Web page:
"Ah! Another wonder we await being shown. Praise from Master Schmidt on the subject of mechanisms is praise indeed. We were sorry when he left our shop for Madgeburg. Master Ritterhof, I told you we would find our Master Schmidt elbow deep in mechanisms."
"Indeed, Master Eisenbach, and this Grantville is full of such interesting mechanisms," Master Ritterhof intoned solemnly. Martin's glance did catch a twinkle in the older man's eyes. Hearing his own skills praised, Martin felt a flush of pleasure. He clamped the feeling down. He was a master now, and so he must act like one. Martin moved to introduce the next in line.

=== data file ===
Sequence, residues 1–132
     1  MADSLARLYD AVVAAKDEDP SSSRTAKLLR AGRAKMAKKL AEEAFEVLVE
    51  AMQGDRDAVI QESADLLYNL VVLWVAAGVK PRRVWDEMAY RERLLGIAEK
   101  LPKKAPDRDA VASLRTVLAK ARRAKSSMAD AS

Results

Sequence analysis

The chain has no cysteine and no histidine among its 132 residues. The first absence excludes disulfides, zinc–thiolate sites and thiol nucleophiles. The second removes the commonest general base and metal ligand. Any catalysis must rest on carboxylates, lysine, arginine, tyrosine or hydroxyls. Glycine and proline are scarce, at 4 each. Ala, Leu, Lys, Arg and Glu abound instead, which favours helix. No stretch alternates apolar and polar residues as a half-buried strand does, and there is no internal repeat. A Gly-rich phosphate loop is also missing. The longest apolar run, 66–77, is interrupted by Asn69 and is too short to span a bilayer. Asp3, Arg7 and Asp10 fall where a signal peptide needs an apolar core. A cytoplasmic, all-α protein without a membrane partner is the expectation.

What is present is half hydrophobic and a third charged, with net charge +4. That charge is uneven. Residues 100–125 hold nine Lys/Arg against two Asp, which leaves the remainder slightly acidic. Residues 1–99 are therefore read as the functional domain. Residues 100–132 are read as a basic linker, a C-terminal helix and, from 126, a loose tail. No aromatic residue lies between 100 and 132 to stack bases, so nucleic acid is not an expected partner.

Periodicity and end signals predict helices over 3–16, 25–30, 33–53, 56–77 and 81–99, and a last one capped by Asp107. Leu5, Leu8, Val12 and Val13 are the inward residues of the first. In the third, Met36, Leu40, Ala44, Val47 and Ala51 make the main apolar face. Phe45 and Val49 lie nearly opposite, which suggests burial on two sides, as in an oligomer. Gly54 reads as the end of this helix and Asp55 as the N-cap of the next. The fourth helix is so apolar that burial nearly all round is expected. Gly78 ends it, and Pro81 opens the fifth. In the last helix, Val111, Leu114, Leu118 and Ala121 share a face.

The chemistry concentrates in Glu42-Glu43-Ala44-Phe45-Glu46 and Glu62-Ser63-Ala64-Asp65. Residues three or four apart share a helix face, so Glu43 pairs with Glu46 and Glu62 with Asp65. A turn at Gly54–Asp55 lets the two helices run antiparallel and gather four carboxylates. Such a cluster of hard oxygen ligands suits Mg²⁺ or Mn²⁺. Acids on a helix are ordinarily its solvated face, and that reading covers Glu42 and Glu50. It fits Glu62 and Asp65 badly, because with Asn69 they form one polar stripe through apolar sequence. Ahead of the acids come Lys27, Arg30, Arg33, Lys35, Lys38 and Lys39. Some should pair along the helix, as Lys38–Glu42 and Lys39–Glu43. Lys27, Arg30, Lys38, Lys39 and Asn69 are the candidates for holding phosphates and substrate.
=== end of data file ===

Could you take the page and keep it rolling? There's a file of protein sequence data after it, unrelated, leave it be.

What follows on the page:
"Sirs, this is Apprentice Rolf Ackermann. A most promising young man, especially at hot and cold forging." Martin watched closely as Rolf made a credible bow. Turning to the shorter apprentice beside Rolf he continued. "And this is Apprentice Jakob Betche. Apprentice Betche has learned a great deal in the last months and shows considerable promise as a tool maker." Betche for once stood straight and made his bow without clowning around. From the color creeping up under the boy's collar Martin suspected the praise had surprised the boy. He made a mental note to praise young Betche's work more often for the boy really did show promise. "Lastly, Sirs, this is Journeyman Rudy Neder, the young man who made the fittings for the presentation chests." The chests had been a hit. Made from quarter-sawn oak and outfitted with deceptively simple pulls and hinges, the chests were among the first results of Herr Glauber's latest venture. To the discerning eye they displayed a high level of craftsmanship in their simple and pleasing lines. Both masters had been impressed.